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Obit: Joe Wilson, Mountain Music (17 May 2015)

Janie 19 May 15 - 09:53 PM
Janie 19 May 15 - 09:58 PM
GUEST,Mike Yates 20 May 15 - 04:30 AM
GUEST,Hootenanny 20 May 15 - 09:23 AM
BigDaddy 20 May 15 - 02:33 PM
GUEST,Arkie 20 May 15 - 06:56 PM
Elmore 20 May 15 - 11:43 PM
Charlie Baum 21 May 15 - 01:14 AM
Bill D 21 May 15 - 10:34 PM
Waddon Pete 25 May 15 - 06:02 AM
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Subject: Obit: Joe Wilson, Mountain Music
From: Janie
Date: 19 May 15 - 09:53 PM

Rest in Peace. He was a quiet, behind the scenes giant with respect to Appalachian music.

http://www.roanoke.com/arts_and_entertainment/music/joe-wilson-was-mountain-music-s-biggest-fan-and-greatest/article_66a3aa2d-5e

Kept thinking some one else would post about this. Hasn't happened, so this old hillbilly non-musician will. I understand there isn't much interest here on Mudcat, but because these threads are also valuable archives, I think notice of Joe Wilson's passing is appropriate, and worth posting if for no other reason than it will be archived as noteworthy by at least one aging hillbilly.


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Subject: RE: Obit: Joe Wilson, Mountain Music
From: Janie
Date: 19 May 15 - 09:58 PM

Because links go dead. Published in the Roanoke Times, May 18, 2015.

By Ralph Berrier Jr. ralph.berrier@roanoke.com 981-3338

Even though he was frail, sick and about to enter the final week of his life, Joe Wilson had enough strength and stubbornness to attend an Appalachian music festival 10 days ago in Fries ? and make plans for the future.

As old-time mountain musicians fiddled, played banjos and sang all around him during the Henry Whitter Festival in his adopted hometown, he spotted his buddy and neighbor, the fine fiddle player Eddie Bond.

"He told me that he had set up a home recording studio in his basement and we were going to make a record," Bond said with a soft chuckle as he recalled the conversation.

"Joe never gave a thought about dying. He was going to accomplish all that he could accomplish up till the end."

Wilson died Sunday at age 77, and even though he and Bond won't make that record, Wilson had already left an indelible mark on the music, arts, culture and people of his beloved mountains. As the longtime director of the National Council for the Traditional Arts, Wilson championed not only mountain music and traditions he grew up with in Tennessee, but also the folk traditions of disparate cultures that spanned the globe, from Indonesian dance troupes to African kora players.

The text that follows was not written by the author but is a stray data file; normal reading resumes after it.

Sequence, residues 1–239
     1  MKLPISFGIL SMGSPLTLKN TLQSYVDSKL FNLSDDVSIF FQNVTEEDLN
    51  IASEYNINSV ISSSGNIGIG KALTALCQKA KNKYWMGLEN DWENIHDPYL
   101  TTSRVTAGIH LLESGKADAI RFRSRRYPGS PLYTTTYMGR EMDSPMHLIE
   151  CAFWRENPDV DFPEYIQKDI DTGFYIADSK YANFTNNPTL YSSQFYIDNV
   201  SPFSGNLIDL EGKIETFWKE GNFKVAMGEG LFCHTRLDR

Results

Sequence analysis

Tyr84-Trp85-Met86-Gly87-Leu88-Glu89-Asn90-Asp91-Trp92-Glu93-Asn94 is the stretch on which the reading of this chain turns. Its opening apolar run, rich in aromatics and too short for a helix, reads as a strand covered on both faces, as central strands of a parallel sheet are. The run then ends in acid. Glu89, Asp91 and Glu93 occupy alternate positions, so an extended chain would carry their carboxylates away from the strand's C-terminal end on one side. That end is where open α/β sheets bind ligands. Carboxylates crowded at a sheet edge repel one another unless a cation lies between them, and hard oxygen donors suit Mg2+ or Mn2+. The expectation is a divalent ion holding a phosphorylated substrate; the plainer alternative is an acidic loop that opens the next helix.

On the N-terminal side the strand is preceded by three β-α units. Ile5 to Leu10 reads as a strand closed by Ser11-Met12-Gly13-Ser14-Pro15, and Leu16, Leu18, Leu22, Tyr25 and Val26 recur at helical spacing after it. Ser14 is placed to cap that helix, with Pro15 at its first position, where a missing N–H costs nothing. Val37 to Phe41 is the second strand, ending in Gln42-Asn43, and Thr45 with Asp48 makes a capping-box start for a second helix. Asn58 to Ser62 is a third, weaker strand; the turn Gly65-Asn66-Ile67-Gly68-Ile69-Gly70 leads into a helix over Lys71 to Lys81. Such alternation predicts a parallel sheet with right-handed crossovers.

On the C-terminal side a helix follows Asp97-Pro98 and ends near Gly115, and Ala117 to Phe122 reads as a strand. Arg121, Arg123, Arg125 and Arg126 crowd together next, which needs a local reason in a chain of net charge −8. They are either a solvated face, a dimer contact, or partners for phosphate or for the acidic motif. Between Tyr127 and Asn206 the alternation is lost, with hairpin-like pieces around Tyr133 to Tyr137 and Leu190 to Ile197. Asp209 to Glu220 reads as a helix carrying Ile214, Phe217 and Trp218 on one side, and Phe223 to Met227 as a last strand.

His effect was profoundly felt in Southwest Virginia, where he led the effort to create the Blue Ridge Music Center on the Blue Ridge Parkway in Carroll County. He also helped to spearhead the creation of The Crooked Road, the heritage music trail that brings thousands of visitors to the mountains to hear bluegrass and old-time mountain music in fancy theaters, as well as in country stores, diners and hardware stores.

"Joe Wilson did more to help regional traditional musicians in this country than anyone ever has," said Roddy Moore, director of the Blue Ridge Institute at Ferrum College. "He stood up for the people. He'll be sorely missed."

Moore was on the committee that hired Wilson in 1976 to lead the NCTA, the nonprofit group that has preserved, documented and presented traditional art forms in the United States since 1933. Wilson, who led the organization for 28 years, put together nearly 50 national and international tours that took little-known musicians around the world, including many performers from Southwest Virginia.

Jerry Douglas, the Grammy-winning Dobro player for Alison Krauss & Union Station, said he was "deeply saddened" by the death of a man he had known and toured with for more than two decades.

"He was truly a hero of mine," Douglas wrote in an email. "Joe loved the music of the Appalachians and all indigenous musics of this country. He spent his life unearthing and honoring them. In doing so, he, along with his beloved National Council For The Traditional Arts, opened the eyes of millions to a treasure trove of arts and music they would have otherwise never known."